Sugar has been a coveted commodity for many centuries. It had helped America win its independence from Britain. At present, two countries, namely- Brazil and India, produce over half of the worlds’ sugar. They also consume 80% of their produce. This heavy dependence on just two countries for the global supply makes sugar a volatile market.
World over sugar manufacturers are protected by local subsidies, minimum support prices, tariffs, and quotas on imports. Japan has used all of the above to cease being the third largest importer of sugar since 1995. But even today imported sugar accounts for the majority of its consumption. Japan’s present food self-sufficiency ratio is 34%.
India, too, has been protecting its farmers since the past decades. This year its domestic output rose by 31% as per the Indian Sugar Mills Association. About 47 additional mills were operated from the regions of Maharashtra and Karnataka. This achievement comes at a time when the central government has decided to do away with the subsidies this year.
Indian sugar is majorly exported to Bangladesh, Malaysia, Sri Lanka, Iran, China, South Korea, Afghanistan, and Somalia. Any gap arising due to the cancellation of subsidy, is expected to be filled by Brazil which currently plans to add 13% more canes to its production. Brazil is also to gain from China’s latest policy change of removal of protective tariffs. Brazils’ sugar export is also heavily regulated by its local currency- Reals’ exchange value. When the real is weak, farmers prefer to export their produce and when the real is strong, they sell it domestically for the production of ethanol. Major markets for its sugar are in Asia, followed by Africa and the Middle East.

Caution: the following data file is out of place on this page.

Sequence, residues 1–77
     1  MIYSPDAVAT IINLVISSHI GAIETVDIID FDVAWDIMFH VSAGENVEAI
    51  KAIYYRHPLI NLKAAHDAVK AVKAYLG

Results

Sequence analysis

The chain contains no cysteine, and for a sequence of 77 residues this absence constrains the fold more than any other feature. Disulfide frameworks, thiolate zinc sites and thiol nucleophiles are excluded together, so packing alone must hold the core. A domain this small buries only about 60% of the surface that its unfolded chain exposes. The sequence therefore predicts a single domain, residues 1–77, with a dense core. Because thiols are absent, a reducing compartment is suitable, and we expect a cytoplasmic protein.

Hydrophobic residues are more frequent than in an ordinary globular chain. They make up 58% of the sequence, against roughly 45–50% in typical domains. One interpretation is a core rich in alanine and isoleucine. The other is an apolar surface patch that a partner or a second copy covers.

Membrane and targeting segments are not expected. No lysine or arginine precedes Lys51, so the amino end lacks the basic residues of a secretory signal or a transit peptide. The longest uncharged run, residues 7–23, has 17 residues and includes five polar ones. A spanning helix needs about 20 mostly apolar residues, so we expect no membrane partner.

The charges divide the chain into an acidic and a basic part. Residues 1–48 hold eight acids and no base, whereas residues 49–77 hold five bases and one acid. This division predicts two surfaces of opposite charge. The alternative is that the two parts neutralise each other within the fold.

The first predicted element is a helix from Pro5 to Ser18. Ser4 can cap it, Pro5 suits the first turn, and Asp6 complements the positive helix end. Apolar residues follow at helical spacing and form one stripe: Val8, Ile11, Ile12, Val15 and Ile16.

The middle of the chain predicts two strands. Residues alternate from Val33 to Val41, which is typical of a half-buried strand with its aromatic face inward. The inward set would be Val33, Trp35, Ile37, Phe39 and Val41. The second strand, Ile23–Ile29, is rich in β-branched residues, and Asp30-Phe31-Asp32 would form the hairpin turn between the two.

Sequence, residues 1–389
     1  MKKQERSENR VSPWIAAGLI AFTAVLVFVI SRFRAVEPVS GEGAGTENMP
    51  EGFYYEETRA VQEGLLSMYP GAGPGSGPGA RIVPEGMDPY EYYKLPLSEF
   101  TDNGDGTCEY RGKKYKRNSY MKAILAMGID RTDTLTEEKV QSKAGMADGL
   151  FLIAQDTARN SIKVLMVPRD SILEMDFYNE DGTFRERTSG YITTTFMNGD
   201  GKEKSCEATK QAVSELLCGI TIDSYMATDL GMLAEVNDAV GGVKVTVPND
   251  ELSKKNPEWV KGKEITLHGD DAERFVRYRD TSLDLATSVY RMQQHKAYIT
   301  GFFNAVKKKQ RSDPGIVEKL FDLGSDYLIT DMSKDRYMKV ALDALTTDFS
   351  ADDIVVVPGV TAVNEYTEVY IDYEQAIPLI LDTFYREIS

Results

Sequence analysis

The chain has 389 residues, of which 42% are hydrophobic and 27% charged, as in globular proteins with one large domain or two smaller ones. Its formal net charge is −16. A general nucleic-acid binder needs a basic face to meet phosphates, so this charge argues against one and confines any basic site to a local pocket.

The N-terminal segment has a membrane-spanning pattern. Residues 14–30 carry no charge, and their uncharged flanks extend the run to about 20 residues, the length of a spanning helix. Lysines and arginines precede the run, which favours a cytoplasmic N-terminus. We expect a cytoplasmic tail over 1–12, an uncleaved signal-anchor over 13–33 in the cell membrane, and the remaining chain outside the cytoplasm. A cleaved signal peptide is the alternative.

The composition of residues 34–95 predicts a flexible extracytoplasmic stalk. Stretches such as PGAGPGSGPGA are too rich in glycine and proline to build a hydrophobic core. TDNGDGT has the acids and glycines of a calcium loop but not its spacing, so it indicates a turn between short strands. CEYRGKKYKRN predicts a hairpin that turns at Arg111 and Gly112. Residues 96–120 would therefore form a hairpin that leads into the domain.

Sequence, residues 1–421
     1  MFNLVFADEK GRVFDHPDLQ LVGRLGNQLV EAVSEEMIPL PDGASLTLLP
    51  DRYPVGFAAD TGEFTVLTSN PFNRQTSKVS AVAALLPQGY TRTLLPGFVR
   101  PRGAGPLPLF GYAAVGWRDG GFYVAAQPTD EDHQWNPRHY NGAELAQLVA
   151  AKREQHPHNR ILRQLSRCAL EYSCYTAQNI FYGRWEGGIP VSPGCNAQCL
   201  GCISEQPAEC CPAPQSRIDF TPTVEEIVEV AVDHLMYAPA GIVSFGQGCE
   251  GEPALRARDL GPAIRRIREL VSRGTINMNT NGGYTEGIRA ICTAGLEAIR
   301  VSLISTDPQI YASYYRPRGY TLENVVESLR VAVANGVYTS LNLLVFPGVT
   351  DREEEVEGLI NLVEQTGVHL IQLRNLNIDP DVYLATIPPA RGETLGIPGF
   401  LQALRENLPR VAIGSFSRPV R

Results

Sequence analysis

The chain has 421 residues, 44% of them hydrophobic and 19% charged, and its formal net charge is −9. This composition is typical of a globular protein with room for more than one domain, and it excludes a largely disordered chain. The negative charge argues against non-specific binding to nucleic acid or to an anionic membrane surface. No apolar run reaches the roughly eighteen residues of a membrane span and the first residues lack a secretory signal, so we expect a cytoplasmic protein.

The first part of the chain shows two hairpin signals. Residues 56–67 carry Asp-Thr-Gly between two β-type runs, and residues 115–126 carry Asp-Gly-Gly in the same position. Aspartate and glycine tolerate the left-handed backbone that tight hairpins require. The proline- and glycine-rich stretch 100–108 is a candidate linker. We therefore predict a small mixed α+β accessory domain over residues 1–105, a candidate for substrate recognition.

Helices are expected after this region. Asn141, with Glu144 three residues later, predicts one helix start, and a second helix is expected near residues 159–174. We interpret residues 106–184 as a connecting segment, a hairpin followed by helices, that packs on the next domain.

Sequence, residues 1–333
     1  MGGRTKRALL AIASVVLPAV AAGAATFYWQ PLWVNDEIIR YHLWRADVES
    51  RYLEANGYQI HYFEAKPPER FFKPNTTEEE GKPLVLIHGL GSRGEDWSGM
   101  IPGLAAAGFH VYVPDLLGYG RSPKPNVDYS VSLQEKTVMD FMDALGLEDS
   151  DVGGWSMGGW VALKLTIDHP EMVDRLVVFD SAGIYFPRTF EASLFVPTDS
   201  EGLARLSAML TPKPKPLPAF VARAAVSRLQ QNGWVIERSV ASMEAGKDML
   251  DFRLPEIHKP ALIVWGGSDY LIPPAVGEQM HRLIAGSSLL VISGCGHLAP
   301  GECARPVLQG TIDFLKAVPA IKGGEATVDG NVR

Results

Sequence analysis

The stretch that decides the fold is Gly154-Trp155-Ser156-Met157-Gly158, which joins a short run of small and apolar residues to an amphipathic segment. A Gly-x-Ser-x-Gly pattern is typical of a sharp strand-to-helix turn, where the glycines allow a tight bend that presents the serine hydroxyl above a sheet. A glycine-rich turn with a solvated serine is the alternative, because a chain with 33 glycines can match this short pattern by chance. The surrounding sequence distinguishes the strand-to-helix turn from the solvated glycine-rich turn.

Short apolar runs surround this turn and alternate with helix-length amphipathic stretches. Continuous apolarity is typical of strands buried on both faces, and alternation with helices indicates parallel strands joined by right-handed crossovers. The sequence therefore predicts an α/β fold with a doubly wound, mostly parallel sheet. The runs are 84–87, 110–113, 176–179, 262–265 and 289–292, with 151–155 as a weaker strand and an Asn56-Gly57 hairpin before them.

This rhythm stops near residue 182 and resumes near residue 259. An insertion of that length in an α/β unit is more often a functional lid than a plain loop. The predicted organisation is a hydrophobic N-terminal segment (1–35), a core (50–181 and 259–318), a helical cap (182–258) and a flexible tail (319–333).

China’s relaxation of its annual import quota is also expected to benefit the sugar farmers in Australia, who at present meet 70% of the raw sugar demand from South Korea.
Besides India, another major exporter from Asia is Thailand. Thailand exports a little over half of Brazils’ quantity and is expected to increase its production by 59% in anticipation of high prices. Its traditional methods of harvesting have caused pollution that has invited regulations by the government. As per the new policies, farmers are required to use modern equipment which is often expensive. This has increased the cost of production and even made farming unviable for some producers.
Price regulation of sugar has one more aspect which stems from health concerns. Many APAC governments have levied sugar taxes in the past to manage the problem of obesity among its populations. Singapore has been mulling over to ban and impose taxes on this sweetener since Oct 2019. However, past experiments suggest that consumer behaviour and not taxation is the reason behind the changed buying habits. Sugar, considered as a luxury, is consumed more by the wealthier economies. Unsurprisingly then its largest consumer is the United States of America. The total global consumption of sugar is projected to grow at 1.4% p.a., reaching 199 Mt by 2029.
Merchant Credit and Guarantee Corporation Limited (MCG) is a global consulting firm that provides financial instruments to investors seeking a fortune in White Gold.